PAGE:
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Biomedicine

Robot Lumberjack

Furniture built from rainforest hardwoods like teak or mahogany has become a mark of environmental insensitivity. But if lumber companies harvested the perfectly preserved trees left under water by dam construction, they could increase the supply of such woods without endangering tropical habitats. So says Gary Ackles, president of Aquatic Cellulose of Vernon, B.C., who has developed a mechanized “aquatic lumberjack” to recover these valuable commodities far more quickly and safely than human divers could. Aquatic Cellulose is harvesting 1,800 square kilometers of trees from a Brazilian reservoir.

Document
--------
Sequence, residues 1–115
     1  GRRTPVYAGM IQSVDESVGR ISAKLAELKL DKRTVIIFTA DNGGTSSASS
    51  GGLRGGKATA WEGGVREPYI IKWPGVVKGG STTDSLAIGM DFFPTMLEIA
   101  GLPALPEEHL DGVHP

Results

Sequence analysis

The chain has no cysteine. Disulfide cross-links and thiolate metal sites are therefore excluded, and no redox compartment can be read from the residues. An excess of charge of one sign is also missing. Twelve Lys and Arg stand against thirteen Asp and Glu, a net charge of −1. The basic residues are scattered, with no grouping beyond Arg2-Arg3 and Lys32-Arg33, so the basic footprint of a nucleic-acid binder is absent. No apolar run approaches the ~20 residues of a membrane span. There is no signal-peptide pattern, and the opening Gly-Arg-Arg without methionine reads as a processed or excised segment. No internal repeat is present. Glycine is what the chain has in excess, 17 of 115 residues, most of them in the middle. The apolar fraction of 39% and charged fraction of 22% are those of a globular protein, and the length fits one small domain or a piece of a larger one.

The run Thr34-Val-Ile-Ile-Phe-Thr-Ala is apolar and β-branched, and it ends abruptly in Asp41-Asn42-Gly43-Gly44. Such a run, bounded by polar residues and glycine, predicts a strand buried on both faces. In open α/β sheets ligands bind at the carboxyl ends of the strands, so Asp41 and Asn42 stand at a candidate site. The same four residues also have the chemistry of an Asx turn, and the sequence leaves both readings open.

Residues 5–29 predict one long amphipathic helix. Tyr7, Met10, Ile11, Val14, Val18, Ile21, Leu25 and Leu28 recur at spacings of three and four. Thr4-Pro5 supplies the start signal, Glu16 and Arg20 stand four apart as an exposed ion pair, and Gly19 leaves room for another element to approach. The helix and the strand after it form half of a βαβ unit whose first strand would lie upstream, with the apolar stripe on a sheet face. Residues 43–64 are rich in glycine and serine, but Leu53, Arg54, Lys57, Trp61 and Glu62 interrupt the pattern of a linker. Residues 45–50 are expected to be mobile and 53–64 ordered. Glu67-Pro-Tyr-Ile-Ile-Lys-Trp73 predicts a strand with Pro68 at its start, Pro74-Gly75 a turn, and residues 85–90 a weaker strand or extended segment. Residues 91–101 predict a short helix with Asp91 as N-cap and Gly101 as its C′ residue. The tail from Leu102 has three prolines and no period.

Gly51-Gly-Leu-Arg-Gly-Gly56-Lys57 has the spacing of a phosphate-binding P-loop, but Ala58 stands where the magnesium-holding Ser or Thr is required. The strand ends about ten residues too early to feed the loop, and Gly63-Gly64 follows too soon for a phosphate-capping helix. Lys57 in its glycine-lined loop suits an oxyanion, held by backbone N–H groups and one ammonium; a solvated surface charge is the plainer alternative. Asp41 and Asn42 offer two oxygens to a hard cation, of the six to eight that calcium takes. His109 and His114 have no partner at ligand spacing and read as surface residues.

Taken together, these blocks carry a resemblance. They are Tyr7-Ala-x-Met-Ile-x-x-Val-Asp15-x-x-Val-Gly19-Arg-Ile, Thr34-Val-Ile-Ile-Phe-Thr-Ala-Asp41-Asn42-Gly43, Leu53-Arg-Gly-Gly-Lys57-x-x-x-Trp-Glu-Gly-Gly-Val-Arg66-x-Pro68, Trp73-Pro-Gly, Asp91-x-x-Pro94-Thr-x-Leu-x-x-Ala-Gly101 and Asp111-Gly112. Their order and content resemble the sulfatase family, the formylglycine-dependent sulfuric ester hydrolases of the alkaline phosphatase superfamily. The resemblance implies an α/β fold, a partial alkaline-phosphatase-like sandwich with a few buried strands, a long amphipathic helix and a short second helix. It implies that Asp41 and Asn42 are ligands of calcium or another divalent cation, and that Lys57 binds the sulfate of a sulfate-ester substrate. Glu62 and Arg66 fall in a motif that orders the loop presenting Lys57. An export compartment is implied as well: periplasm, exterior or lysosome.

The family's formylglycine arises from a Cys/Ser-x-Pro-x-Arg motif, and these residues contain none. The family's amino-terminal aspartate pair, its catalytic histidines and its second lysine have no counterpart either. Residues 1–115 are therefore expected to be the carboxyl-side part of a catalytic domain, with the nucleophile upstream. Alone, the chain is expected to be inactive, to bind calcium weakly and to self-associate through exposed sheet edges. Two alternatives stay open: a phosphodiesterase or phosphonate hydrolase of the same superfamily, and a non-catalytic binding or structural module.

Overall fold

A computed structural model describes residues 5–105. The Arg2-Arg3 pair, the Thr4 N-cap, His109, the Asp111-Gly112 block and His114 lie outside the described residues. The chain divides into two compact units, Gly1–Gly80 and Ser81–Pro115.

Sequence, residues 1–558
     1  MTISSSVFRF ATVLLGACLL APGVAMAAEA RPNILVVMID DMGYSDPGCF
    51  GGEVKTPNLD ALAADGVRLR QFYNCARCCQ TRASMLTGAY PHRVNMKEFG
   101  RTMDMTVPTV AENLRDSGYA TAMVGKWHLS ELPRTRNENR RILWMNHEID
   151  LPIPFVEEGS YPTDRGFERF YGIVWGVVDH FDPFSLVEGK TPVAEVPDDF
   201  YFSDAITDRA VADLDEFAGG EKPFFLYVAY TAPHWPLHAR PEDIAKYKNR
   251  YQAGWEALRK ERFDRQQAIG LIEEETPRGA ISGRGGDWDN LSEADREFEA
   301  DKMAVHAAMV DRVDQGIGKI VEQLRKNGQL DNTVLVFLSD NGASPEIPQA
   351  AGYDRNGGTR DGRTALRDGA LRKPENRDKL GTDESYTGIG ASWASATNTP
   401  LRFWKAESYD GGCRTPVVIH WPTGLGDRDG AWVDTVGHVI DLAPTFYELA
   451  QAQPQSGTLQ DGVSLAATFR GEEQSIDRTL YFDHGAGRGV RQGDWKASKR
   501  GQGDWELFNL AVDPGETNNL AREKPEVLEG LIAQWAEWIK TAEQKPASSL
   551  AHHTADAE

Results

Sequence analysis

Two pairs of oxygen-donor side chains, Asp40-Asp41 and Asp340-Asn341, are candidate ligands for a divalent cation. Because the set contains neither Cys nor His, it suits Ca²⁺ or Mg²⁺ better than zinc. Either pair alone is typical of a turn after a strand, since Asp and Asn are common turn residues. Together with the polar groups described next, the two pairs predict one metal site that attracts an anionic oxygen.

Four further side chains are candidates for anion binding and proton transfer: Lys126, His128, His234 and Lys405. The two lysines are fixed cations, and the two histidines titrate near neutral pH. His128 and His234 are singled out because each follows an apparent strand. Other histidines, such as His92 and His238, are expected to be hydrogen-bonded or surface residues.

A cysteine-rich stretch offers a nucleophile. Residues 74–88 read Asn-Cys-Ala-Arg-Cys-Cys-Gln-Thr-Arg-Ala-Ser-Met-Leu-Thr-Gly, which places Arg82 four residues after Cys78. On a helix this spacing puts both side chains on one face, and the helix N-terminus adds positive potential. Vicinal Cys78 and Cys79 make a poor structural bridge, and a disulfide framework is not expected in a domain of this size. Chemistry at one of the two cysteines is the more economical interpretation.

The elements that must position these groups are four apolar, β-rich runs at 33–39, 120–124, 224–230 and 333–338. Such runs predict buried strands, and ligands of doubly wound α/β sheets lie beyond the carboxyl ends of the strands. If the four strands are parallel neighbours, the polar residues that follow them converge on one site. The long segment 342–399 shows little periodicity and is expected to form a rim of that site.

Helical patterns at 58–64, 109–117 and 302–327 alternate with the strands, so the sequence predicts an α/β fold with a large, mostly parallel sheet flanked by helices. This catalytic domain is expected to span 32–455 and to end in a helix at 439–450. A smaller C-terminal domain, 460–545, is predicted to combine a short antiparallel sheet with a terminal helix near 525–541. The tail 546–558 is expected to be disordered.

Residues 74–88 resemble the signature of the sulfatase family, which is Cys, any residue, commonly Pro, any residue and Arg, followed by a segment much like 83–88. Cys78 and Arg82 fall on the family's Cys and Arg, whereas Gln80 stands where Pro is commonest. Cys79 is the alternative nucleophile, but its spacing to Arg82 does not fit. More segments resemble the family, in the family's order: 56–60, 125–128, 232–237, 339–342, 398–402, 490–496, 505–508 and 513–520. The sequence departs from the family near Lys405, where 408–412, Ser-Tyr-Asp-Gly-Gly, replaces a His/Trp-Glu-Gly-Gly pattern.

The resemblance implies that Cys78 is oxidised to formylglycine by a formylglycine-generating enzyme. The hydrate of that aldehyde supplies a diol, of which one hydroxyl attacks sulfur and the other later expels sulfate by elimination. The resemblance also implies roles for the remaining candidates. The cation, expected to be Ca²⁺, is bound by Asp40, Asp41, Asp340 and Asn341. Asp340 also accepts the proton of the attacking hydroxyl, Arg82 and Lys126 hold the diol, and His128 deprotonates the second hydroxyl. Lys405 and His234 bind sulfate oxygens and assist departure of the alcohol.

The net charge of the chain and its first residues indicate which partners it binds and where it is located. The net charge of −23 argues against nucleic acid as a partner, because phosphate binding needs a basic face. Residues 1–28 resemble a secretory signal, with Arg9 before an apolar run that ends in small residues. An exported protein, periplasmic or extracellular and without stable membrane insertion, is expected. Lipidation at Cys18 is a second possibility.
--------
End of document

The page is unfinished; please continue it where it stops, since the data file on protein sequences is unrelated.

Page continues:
The system consists of a robotic arm controlled from the deck of a barge; the operator maneuvers the arm underwater with guidance from digitally enhanced video and real-time acoustical imaging. The robot arm can cut through a 1-meter diameter tree in 15 seconds and haul logs to the surface from up to 35 meters under.

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